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Against the Odds magazine investigates military history from a broad perspective. The economic, political, religious and social aspects of warfare are examined in concert with events on the battlefield.

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In the Pipeline

The following games are under active consideration here at Against the Odds and may appear in future issues. If any of them particularly interest you, you can vote for them below. You need to be logged in to your ATO account to vote. Don't have an account yet? Set one up now, no purchase required!

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Votes cast: Current total is 1011

(New) Crouching Tiger, Hidden Turtle - The Battle of Noryang, 1598

(8 votes)

“I cannot talk peace, nor can I let a single enemy seed go home in peace.” – Korean Admiral Yi Sun-sin.

The Japanese invasion of Korea that began in 1592 was not going at all well for the invaders. After more than five years of fighting the Korean armies refused to surrender despite numerous defeats throughout Korea leading to a costly and protracted guerilla war. The Korean fleet managed to elude the various Japanese fleets sent over, and led by Admiral Yi Sun-sin, proved to be another thorn in the invader’s side that inflicted continued losses. When the Chinese also decided to intervene the tide of war went against the Japanese.

As the 1598 campaigning season ended, Japanese forces were bottled up in ports along the southeastern coast of Korea. With the death in September of Toyotomi Hideyoshi, who had instigated the invasion of Korea, he was replaced by a “Council of Five Elders” to govern Japan, and they ordered the evacuation of all Japanese forces in Korea back to the Home Islands.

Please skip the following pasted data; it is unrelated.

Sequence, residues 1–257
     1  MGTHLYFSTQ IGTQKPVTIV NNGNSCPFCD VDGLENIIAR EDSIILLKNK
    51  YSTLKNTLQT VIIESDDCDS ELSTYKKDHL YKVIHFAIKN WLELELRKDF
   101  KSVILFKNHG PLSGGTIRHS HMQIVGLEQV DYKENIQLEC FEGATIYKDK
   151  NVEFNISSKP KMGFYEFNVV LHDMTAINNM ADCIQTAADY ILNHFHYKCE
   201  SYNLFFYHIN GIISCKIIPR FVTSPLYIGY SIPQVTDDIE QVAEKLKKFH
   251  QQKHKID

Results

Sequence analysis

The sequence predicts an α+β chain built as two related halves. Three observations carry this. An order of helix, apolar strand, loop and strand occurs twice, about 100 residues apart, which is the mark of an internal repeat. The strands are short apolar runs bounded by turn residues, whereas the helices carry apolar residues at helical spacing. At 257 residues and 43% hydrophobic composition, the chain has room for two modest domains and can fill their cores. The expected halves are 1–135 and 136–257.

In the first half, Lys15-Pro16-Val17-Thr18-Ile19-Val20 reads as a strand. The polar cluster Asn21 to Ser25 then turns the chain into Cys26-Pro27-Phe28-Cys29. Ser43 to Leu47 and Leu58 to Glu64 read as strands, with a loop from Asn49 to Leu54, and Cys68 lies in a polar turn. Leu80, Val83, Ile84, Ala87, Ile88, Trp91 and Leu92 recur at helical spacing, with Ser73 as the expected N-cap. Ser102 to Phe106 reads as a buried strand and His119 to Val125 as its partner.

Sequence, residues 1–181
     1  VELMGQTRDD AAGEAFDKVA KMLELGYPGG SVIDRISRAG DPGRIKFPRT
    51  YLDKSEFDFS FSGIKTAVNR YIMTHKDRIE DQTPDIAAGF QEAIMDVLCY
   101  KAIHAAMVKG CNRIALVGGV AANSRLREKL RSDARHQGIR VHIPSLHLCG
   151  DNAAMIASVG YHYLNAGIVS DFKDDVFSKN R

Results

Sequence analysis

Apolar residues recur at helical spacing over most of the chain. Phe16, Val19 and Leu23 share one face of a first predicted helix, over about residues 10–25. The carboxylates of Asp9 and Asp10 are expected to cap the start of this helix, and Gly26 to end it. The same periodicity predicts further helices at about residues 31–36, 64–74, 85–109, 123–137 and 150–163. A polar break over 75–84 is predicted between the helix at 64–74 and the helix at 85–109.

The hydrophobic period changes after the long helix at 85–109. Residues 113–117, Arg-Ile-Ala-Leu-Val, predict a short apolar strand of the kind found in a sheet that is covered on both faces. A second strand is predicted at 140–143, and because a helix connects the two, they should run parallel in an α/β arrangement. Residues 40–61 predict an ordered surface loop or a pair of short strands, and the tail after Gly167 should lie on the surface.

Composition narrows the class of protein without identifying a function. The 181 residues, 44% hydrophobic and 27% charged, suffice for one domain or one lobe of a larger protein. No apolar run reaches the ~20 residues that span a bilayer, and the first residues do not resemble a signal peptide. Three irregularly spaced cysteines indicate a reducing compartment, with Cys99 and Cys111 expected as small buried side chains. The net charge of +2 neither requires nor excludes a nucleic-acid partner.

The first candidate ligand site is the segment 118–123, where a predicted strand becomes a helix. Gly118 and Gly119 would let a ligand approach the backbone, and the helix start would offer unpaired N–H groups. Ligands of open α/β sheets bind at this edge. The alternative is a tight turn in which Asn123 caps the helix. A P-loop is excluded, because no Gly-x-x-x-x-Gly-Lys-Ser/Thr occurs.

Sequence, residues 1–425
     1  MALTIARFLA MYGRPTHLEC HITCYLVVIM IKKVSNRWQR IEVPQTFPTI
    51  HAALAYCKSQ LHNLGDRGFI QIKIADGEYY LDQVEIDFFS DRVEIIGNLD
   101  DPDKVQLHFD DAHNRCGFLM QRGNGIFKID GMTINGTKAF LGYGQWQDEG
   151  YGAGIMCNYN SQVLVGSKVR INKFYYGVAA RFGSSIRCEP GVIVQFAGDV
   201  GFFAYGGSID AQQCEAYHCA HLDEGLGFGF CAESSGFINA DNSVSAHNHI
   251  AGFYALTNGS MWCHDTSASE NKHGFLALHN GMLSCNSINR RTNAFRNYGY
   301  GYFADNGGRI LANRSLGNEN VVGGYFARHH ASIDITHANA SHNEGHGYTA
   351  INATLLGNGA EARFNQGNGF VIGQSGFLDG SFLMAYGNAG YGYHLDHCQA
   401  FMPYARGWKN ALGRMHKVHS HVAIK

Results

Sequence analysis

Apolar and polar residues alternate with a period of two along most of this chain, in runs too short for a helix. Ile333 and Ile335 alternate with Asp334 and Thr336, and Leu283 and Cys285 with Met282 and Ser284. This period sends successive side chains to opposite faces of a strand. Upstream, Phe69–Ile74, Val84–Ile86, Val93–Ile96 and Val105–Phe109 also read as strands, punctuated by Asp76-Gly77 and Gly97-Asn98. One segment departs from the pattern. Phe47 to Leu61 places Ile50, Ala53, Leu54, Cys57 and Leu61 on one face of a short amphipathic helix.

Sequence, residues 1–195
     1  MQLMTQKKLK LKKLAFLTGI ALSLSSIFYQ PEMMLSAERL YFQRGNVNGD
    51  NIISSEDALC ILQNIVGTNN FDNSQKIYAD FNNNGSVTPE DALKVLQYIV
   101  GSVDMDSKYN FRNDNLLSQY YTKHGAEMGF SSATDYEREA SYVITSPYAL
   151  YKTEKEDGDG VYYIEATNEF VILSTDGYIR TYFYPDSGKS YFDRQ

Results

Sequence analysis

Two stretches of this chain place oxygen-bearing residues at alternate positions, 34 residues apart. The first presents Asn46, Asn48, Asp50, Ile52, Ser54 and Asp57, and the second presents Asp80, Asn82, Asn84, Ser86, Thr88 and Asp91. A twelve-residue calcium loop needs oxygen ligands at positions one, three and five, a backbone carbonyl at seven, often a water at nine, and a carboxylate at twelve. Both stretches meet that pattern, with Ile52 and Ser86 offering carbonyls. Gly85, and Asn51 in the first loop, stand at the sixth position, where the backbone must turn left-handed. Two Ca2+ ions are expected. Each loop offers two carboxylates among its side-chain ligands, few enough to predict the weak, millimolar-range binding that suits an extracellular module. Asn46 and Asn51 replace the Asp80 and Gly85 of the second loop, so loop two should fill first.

Determined that none of the Japanese should be allowed to escape and perhaps return to fight again, Admiral Yi made plans with this Chinese counterpart, Admiral Chen Lin, to bring about a decisive “winner take all” naval battle. The opportunity came when the Allied commanders learned from local fishermen and spies that the main Japanese fleets were preparing to set sail. Realizing the Japanese would have to sail through the narrow Noryang Strait that flowed between the Korean mainland and Namhae Island, Admiral Yi ordered the Allied fleet to prepare a nighttime ambush of the Japanese fleet at the southern end of the Noryang Strait. His greatest planned surprise however was a flotilla of "Turtle Ships" in his forces - terrifying and largely invulnerable to most Japanese weapons. What ensued was the largest naval battle of the Imjin War.

Designed by Paul Rohrbaugh, Crouching Tiger, Hidden Turtle comes with one 17" x 22" map and around 225 counters. Besides the historical scenario there are variant rules and counters that allow players to explore some “what ifs” of the battle. Can you do as well, or better, than your historical counterparts?



The Locust Warriors

(11 votes)

The Locust Warriors depicts the largest air drop of paratroops by the Soviets during WW2. The late 1941 Soviet Winter Offensive was focused on pushing Germany's Army Group Center (AGC) away from Moscow and hopefully destroying it. Thrusting their armies west, the Soviets got nearly to Kirov (100 miles from Moscow) and exploited any other gaps they could find in AGC's lines. Indeed, from mid-January to mid-February 1942, the Germans found themselves in very precarious situations all along the front, from Rzhev in the north to south of Vyazma, as they tried first to contain, and then seal off, all the Soviet penetrations. But it was the collapse of the German 9th Army to the north - opposite the Soviet Kalinin Front in the Rzhev area - that nearly allowed AGC to become fully encircled as the Soviet 11th Cavalry Corps raced 110 km deep into the German rear to seize Vyazma. Further south, the Soviet 33rd Army had also broken through AGC's lines and pushed to within a few miles of Vyazma as well!